Torture and corruption in Sri Lanka, Kenya, Congo and South Africa

For a long time, human rights work has focused on torture associated with the suppression of civil and political rights. But by far, most of the world's torture is conducted against poor and marginalized people and it is used to demand bribes and protection money. In this research project, we work to better understand and describe these mechanisms in poor urban areas in Sri Lanka, Kenya, Bangladesh, DRC, South Africa, the Philippines and Liberia

Project introduction

When torture is exercised, it is always with a purpose. The purpose may be to punish, get information, or to humiliate the victim, but in the majority of cases, torture and threats of torture are used to get citizens to pay for protection, to release their loved ones, or to be allowed to pass a checkpoint. If they don’t pay, physical punishment is rarely far away. Unfortunately, we do not know much about the extent and type of these transactions. The study of the correlation between torture and corruption is one of the most neglected in human rights work and this project aims to raise awareness of these mechanisms which local human rights organizations can then also include in the work on torture prevention.

Project description

Through four case studies, this project will create new knowledge about how the connection between torture and corruption plays out in different social, economic and ethnic contexts. In Nairobi Kenya, focus is on how street vendors handle police and other municipal authorities and how money, goods and violence are exchanged between the two groups. In Goma, eastern Congo, the focus of the study is on how traders and security authorities collaborate on the creation of security and on whose security the work is aimed at. In Sri Lanka, focus is on how different ethno-religious groups are handled differently by police forces and military, and in South Africa, the focus is on the work on how violent relationships with police and other authorities also affect how families live together in Cape Town's poor townships.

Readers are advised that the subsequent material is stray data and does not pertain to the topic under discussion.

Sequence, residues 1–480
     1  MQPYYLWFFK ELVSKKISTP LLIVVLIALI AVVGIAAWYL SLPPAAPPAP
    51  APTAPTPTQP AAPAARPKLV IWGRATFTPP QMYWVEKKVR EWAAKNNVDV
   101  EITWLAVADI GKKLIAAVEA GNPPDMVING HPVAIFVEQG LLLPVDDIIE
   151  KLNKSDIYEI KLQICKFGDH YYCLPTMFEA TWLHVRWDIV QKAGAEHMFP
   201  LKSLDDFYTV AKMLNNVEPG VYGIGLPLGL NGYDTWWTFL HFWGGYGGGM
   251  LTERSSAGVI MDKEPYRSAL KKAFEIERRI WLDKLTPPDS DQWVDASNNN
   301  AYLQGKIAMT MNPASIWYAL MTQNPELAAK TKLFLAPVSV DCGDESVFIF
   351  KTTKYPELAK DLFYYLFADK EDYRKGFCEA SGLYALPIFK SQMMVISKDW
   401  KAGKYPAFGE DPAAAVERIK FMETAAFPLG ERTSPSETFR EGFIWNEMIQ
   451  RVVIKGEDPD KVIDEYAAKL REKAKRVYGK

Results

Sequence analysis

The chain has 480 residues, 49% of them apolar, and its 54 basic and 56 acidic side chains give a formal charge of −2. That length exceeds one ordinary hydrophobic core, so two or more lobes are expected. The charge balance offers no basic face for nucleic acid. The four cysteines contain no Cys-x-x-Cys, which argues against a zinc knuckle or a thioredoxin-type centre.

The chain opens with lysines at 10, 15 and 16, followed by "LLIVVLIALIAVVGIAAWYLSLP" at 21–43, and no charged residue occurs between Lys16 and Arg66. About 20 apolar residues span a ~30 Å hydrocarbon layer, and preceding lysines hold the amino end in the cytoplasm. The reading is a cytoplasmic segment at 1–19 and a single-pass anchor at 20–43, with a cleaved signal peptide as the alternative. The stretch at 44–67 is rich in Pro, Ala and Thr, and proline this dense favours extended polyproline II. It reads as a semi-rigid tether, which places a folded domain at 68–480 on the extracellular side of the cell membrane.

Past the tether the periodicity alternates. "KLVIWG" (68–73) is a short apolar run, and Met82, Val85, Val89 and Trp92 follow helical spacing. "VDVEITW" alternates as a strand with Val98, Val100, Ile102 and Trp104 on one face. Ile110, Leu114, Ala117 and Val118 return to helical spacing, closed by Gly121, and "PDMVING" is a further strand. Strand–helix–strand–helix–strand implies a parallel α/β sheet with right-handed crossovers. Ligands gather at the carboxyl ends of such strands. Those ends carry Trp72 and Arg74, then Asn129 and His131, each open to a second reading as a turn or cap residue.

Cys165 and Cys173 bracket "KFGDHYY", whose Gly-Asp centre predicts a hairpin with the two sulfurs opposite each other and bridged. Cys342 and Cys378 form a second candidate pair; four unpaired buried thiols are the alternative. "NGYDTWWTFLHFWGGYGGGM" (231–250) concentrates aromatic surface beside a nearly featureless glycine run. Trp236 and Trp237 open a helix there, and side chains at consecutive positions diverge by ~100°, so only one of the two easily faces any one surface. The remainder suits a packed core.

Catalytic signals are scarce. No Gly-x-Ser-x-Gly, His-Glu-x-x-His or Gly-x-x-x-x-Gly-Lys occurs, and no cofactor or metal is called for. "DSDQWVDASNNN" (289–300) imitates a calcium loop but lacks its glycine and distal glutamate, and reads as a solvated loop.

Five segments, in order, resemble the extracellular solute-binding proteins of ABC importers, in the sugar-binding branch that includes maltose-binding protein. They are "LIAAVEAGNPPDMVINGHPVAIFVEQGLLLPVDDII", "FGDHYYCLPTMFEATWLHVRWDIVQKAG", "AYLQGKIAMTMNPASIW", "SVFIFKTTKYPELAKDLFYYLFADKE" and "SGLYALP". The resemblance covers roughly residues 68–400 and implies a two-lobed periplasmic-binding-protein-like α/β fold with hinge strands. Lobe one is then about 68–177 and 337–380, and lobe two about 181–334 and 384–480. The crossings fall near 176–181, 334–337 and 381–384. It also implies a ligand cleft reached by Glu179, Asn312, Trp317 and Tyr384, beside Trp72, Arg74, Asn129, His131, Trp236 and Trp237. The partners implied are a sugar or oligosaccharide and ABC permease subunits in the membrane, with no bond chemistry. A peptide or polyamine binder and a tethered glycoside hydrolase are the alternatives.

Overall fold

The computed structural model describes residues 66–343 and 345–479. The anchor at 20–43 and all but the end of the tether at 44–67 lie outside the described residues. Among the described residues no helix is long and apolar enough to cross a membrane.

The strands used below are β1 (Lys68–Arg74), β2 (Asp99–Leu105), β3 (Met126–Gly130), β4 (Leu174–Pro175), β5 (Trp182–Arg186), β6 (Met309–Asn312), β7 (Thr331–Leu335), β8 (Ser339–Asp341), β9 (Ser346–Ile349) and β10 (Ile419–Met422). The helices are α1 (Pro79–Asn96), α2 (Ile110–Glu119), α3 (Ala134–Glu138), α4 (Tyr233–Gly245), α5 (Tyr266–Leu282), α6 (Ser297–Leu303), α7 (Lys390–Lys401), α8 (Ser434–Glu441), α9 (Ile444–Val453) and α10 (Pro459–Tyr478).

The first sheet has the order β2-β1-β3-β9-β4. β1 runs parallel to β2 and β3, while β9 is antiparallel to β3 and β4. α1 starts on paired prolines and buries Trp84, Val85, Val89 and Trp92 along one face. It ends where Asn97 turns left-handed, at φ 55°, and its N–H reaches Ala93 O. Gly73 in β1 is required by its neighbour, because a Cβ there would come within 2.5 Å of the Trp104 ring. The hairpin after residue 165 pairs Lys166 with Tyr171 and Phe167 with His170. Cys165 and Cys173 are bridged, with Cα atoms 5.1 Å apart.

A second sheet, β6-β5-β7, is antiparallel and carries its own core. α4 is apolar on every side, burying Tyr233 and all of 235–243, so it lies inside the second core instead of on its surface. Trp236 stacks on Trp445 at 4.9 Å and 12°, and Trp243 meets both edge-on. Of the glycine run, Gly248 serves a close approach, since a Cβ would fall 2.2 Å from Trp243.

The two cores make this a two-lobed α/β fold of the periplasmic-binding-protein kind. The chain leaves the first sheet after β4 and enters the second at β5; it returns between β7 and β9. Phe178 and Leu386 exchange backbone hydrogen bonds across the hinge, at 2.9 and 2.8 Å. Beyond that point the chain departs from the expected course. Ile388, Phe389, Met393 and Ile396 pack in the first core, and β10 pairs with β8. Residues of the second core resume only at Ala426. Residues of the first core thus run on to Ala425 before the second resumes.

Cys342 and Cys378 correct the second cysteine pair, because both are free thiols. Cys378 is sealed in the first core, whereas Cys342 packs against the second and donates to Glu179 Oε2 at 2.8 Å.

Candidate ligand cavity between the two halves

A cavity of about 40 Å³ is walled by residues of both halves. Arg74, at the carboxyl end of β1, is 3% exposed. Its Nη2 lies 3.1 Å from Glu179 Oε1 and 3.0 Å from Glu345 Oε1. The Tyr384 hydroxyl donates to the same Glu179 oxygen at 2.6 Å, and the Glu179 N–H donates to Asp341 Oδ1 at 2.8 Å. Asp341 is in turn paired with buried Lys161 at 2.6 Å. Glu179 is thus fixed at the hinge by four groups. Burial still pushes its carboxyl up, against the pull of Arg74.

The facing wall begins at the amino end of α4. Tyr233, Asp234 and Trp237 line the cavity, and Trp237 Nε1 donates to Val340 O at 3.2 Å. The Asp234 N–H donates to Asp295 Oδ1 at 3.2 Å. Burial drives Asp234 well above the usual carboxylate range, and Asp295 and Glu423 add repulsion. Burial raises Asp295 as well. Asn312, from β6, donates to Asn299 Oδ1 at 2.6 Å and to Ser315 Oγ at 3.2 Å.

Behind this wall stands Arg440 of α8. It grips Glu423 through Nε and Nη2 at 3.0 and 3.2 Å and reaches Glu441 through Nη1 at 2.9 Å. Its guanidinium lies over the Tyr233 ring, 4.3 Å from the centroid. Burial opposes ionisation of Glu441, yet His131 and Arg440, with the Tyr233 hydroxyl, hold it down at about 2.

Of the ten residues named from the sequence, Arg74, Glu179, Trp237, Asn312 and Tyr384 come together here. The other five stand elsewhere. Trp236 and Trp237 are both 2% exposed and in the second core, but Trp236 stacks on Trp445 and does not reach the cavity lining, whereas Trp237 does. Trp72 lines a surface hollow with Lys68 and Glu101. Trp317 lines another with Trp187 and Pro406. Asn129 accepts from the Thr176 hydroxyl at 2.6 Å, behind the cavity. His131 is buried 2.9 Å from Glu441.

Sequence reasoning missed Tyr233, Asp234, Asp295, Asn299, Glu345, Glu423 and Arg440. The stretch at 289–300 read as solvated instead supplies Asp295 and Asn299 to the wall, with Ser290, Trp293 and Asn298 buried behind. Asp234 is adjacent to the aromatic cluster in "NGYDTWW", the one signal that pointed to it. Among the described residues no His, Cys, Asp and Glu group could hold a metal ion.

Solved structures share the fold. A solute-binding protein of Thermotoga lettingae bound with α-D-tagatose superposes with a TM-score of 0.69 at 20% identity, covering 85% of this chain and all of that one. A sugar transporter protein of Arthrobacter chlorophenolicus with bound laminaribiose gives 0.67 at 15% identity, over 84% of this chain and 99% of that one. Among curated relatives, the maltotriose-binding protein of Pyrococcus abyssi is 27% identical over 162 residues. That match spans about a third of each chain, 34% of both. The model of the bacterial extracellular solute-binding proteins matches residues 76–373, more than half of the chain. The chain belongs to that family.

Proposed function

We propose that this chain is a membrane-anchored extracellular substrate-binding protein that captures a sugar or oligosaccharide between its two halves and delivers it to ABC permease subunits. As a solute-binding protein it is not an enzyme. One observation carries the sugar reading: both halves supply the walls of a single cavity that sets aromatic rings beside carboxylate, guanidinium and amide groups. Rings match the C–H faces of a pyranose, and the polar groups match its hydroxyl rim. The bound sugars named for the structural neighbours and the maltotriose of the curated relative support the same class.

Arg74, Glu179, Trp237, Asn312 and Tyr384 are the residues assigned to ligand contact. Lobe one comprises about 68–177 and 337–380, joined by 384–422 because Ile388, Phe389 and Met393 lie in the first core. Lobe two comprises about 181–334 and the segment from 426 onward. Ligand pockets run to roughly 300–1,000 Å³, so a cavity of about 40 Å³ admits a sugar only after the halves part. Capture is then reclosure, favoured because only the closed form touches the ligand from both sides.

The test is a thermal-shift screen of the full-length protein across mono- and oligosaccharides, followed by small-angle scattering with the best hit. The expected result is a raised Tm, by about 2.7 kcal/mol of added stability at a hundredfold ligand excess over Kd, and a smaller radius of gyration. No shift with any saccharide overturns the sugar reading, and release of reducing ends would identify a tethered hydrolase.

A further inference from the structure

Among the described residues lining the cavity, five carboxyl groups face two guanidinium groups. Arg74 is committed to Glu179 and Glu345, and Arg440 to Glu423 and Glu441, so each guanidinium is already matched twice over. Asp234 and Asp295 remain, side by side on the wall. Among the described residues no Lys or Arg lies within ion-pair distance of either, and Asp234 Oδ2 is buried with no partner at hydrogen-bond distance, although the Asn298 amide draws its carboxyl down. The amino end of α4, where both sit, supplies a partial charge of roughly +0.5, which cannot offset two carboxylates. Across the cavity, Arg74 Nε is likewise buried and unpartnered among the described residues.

Project background

The project aims to fill a gap in the knowledge of why torture is committed, by who and against who.


Ethno-graphic data and analysis.

Research team

The project is being carried out by a team led by Professor and senior researcher Steffen Jensen along with postdocs Morten Koch Andersen and Anna Hedlund, PhD-student Brigitte Dragsted and scientific assistent Kari Øygaard Larsen. DIGNITY's partners in Kenya, Bangladesh, the Philippines South Africa and Liberia have contributed to data collection, analysis and publication. DIGNITY's legal department has contributed with legal analysis and advocacy drives.

Related publications

Jensen, S., Hapal, K. (2022) 'Communal Intimacy and the violence of politics: Understanding the war on drugs in Bagong Silang, Philippines'

Jensen, S. (2022) 'Chronotopes of Displacement and Coloniality in a Cape Town Squattercamp'

Jensen, S., Schneidermann, N. (2022) 'Survival in Cape Town: Living in and alongside crisis'

Schneidermann, N., Thanjan, S., Naidoo, D., Jensen, S., Anderson, Y., Mentoor, K., Noredien, S., Noredien, H., Piri, G. (2020) 'Survival and crisis in a diverse informal settlement: An action research project in overcome heights, South Africa'

Bræmer Warburg, A., Jensen, S., (2020) 'Policing the war on drugs and the transformation of urban space in Manila'

Bræmer Warburg, A., Jensen, S., (2020) 'Ambiguous fear in the war on drugs: A reconfiguration of social and moral orders in the Philippines'

Kelly, T., Jensen, S., Andersen, M.K. (2020) 'Fragility, States and Torture'

Dragsted, B. (2019) 'Crackdown economics: Policing of hawkers in Nairobi as violent inclusion.'

Hedlund, A. (2019) 'Hutu Rebels. Exile Warriors in the Eastern Congo.'